The main contradiction of the modern era, and indeed of all human history, is not between capitalism and socialism, and not even between authoritarianism and democracy, but between individualism and collectivism, between public and personal interests. Countries that are getting ahead in the economic race allow themselves the luxury of individualism, prioritizing human rights, which ultimately undermines their political and economic power and causes their decline and the rise of more collectivist civilizations. It is literally the story that is as old, as the world itself…
There will soon be no one left to defend human rights or help minorities in Belarus as the country’s third sector moves closer to “complete liquidation”, international rights groups have warned.
2020 was a year of tremendous upheaval. The murder of George Floyd, followed by global Black Lives Matter protests, Covid-19 and the stark light that the pandemic shone on inequality within countries and between the global north and south, protests and brutal repression after elections in Belarus, ongoing demonstrations for climate action led by youth around the world, to name just a few.
Like most of us, I rely on news media to find an explanation to tragedies I watch on TV. Neverthelss, some of my opinions about the Afghan tragedy have furthermore been influenced by talks I once had with my friend Bernth Dagerklint. We had for some years been working as teachers at a high school, though this was not Bernth’s main occupation. Most of the time, he served as an officer during international, armed campaigns supported by the Swedish government. He had been to former Yugoslavia, the West Bank and not the least in Afghanistan, where he since 2003 on several occasions worked as ”instructor” for Afghan officers.
There are several points of similarity between the war in Afghanistan and the war in Viet Nam. The Taliban, like the North Vietnamese and the Viet Cong, proved to be formidable tacticians and fighters. They managed to contain a far better equipped opponent and mount effective counteroffensives; access sufficient domestic and foreign funding to pay their fighters and support their families; build a formidable intelligence network; and acquire necessary technical capabilities in areas such as repair and maintenance of small arms.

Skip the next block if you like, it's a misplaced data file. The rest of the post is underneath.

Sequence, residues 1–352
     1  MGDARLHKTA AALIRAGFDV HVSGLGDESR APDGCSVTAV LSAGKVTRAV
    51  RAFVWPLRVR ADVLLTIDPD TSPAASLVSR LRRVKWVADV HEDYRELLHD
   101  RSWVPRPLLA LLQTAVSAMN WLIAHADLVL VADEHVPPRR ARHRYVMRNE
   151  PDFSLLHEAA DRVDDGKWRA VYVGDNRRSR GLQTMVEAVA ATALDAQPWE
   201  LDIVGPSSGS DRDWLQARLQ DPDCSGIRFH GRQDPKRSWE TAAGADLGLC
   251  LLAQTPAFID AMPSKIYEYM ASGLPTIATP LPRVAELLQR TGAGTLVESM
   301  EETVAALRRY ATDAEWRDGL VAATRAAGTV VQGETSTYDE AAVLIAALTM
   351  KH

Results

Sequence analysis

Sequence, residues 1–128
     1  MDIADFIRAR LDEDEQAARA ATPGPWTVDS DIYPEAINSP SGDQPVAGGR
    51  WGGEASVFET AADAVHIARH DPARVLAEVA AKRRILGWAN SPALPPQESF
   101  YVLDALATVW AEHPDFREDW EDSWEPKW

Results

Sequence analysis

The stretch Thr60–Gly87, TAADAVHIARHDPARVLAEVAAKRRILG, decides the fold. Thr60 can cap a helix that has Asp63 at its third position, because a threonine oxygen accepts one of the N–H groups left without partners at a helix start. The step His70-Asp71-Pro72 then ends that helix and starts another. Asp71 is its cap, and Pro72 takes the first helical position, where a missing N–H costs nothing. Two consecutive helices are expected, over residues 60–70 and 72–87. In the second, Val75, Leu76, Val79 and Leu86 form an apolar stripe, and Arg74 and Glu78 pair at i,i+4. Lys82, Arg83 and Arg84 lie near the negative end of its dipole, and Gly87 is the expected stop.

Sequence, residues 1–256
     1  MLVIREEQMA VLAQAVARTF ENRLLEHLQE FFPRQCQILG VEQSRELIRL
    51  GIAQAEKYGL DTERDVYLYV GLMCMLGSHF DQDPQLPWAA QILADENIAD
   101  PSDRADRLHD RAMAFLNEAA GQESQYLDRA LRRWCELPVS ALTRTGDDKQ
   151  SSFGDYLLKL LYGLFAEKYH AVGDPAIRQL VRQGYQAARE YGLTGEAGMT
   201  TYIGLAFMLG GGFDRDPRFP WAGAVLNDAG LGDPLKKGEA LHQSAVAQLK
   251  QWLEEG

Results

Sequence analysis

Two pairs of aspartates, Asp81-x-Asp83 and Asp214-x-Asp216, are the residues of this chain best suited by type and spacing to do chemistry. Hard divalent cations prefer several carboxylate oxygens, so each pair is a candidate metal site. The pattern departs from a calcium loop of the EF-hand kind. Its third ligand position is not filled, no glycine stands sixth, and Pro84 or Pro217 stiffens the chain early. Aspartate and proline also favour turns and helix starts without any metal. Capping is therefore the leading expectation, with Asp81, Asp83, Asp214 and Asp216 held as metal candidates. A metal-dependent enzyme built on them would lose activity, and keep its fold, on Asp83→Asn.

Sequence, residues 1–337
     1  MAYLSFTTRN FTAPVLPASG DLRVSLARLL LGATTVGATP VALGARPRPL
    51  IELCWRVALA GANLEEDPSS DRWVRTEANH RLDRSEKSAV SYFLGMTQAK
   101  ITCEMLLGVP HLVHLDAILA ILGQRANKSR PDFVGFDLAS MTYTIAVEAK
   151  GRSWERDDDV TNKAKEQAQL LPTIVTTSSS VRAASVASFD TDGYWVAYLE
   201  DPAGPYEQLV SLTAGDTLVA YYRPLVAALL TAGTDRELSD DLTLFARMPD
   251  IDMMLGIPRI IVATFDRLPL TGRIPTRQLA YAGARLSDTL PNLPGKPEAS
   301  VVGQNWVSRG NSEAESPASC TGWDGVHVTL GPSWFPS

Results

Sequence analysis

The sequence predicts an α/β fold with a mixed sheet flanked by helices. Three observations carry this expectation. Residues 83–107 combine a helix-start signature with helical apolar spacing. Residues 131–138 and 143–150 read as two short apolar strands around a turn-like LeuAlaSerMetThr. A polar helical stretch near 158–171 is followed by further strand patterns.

Headlines in the press, live TV and internet coverage of the chaos at Kabul airport following the American withdrawal from Afghanistan has generated an impression around the world of an American foreign policy debacle, belittling the supremacy of American military power.
“If I fall into the hands of the Taliban, not only me but my family will be killed,” said AB, 23*, who worked as a broadcast journalist for the past seven years and is a well-known face on the television screen.
Access to quality healthcare is a basic human right, but for many, especially those in vulnerable communities, the right is not fully realized.
An intense monsoon season in Pakistan means the country’s food system faces the challenge of both extreme floods and extended droughts.
In an effort to address these challenges through cross-sectoral collaboration, Dr. Mohsin Hafeez, IWMI’s Country Representative for Pakistan and Regional Representative for Central Asia, convened a regional dialogue in advance of the UN Food Systems Summit
(which is scheduled to take place at the United Nations, September 23) .
In a few weeks, the United Nations will host the first international Food Systems Summit. The goal is to create a global movement committed to solving the many dietary, economic and environmental problems linked to the way food is produced, sold and consumed today.